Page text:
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Thursday, June 7, 2012

Tail Wagging Persistence


My dog has never harmed a living creature.. Not to say she hasn’t tried. She’s chased rabbits, sprinted after the elusive chipmunk and squirrel, pursued our backyard groundhog and even attempted to catch a bird in flight. I really don’t think her instinct is to kill- even when she had captured a grasshopper that had lost use of two of its legs, she only toyed with it between her front paws, never actually doing any fatal harm. To her it’s a game and the prey she sets her eyes on are just toys in perpetual motion.
At eleven years and seven months old, she still pounces after scurrying animals as we go on morning walks. Sometimes her attempts seem so feeble that I wonder if she’s acting more on instinct than intention. She will lift her rear towards the sky and ready her now-shaky legs to spring in to forward movement, her play-thing in the cross-hairs. Lurching towards the doubtlessly-faster-and-more-nimble-than-her creature, she excitedly goes in for the non-kill, relentlessly returning to me with tail in a high-wag. No matter how many times she’s failed, she never gets discouraged and never loses her willingness to try again.
I thought back to all the things in my life I’ve vehemently pursued and dropped when success hadn’t come after the first few attempts. I thought of the frustration I’ve felt when I didn’t catch what I had thrown myself after. I thought of the immense sense of discouragement that ominously grew darker whenever I let an opportunity slip away. All these negative feelings, brewing within me. All those missed chances that just might have gone right had I tried just one more time. Had I kept my proverbial tail wagging, regardless of a win or fail or had I not let one negative outcome effect my expectation of the next attempt… what could I have accomplished by now? How much frustration, anger and disappointment could I have avoided?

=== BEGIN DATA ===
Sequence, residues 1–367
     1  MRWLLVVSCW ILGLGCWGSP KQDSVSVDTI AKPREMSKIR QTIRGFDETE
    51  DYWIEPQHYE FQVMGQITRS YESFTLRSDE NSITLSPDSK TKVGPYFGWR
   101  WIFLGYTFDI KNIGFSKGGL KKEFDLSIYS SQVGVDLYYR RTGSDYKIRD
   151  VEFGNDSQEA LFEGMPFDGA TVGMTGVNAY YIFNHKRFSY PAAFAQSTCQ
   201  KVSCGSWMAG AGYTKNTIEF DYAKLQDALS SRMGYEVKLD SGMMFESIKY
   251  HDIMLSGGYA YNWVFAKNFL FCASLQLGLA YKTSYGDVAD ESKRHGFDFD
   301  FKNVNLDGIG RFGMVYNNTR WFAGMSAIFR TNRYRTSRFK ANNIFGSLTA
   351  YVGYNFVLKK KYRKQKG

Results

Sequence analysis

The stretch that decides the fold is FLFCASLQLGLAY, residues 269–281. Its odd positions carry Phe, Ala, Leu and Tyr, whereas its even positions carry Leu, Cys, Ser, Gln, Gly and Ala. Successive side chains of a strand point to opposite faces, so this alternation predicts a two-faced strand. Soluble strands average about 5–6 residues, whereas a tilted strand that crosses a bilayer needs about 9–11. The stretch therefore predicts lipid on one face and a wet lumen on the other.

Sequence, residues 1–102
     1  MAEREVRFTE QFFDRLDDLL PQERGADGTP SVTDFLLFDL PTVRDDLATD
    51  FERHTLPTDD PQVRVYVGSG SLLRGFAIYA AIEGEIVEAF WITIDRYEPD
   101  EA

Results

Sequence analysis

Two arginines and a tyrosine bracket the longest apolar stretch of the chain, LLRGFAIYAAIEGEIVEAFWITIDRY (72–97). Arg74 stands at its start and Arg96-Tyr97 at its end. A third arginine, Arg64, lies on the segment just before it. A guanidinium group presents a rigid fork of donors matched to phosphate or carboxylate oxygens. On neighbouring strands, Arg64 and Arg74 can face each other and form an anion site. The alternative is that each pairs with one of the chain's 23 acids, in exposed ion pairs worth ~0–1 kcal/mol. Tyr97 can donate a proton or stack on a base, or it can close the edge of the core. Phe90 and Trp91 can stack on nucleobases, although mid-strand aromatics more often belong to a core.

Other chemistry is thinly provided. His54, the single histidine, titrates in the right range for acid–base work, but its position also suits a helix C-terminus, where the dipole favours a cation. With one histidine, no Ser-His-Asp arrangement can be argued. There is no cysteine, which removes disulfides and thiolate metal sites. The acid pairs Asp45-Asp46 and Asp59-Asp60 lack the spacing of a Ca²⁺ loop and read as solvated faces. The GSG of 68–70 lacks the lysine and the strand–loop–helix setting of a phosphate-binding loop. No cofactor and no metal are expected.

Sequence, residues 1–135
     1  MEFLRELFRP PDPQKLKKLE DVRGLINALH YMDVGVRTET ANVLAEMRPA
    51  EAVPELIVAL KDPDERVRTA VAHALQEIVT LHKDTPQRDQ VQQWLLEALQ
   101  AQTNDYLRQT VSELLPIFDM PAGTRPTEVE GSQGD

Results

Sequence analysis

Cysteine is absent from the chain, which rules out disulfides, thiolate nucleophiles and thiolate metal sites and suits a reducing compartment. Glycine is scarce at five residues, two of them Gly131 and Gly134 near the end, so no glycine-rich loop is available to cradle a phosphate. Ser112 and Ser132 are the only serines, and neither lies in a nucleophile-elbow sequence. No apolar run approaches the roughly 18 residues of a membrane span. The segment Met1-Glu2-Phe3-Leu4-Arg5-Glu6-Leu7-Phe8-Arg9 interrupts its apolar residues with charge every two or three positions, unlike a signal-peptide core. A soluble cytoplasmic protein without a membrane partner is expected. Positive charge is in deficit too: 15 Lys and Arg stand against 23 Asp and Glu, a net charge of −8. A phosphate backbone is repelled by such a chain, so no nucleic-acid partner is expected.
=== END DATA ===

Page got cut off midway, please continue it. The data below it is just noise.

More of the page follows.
Understandably, my dog’s mental capacity is a bit different than mine. Blessed and cursed by a higher level of brain function than that of a house pet, it’s harder for me to hold no attachment to a past failure in order to try again with an equal amount of gusto, but there is always a line that can be towed between being logical fact-sorting realist and a hopeful life-of-a-dog-inspired dreamer.
Cognitively, I can change my method of attack in order to increase my chances of success on the next attempt, but I don’t have to feel so dejected with each unsuccessful try. Learning from my furry companion, I can be happy that I even went for it at all, wasting not even a passing moment on the negative feeling of having failed. Not once had I seen Biscuit drag her tail between her hind legs, even though her rate of success remains at a whopping 0%. Not once have I seen her stress out over letting the bird fly away or the squirrel scurry up a tree.
Perhaps she knows that there will be other opportunities, or maybe she understands that there is more to life than a failed moment (or fifty!). It’s possible she knows that regardless of if she catches the chipmunk or not, I will hug, love and kiss her, free of judgment of her poor hunting skills. Could it be that this dog with the simple mind knows secrets to life happiness that I do have yet to learn? In this case, it seems to be that way. She seems to have figured out how to remain enthusiastic about pursuing goals and chasing targets. She may never catch her prey in the span of her hopefully-long lifetime, but one thing is for certain: with a smile across her face and a nonstop wag in her tail, she will never, ever give up.

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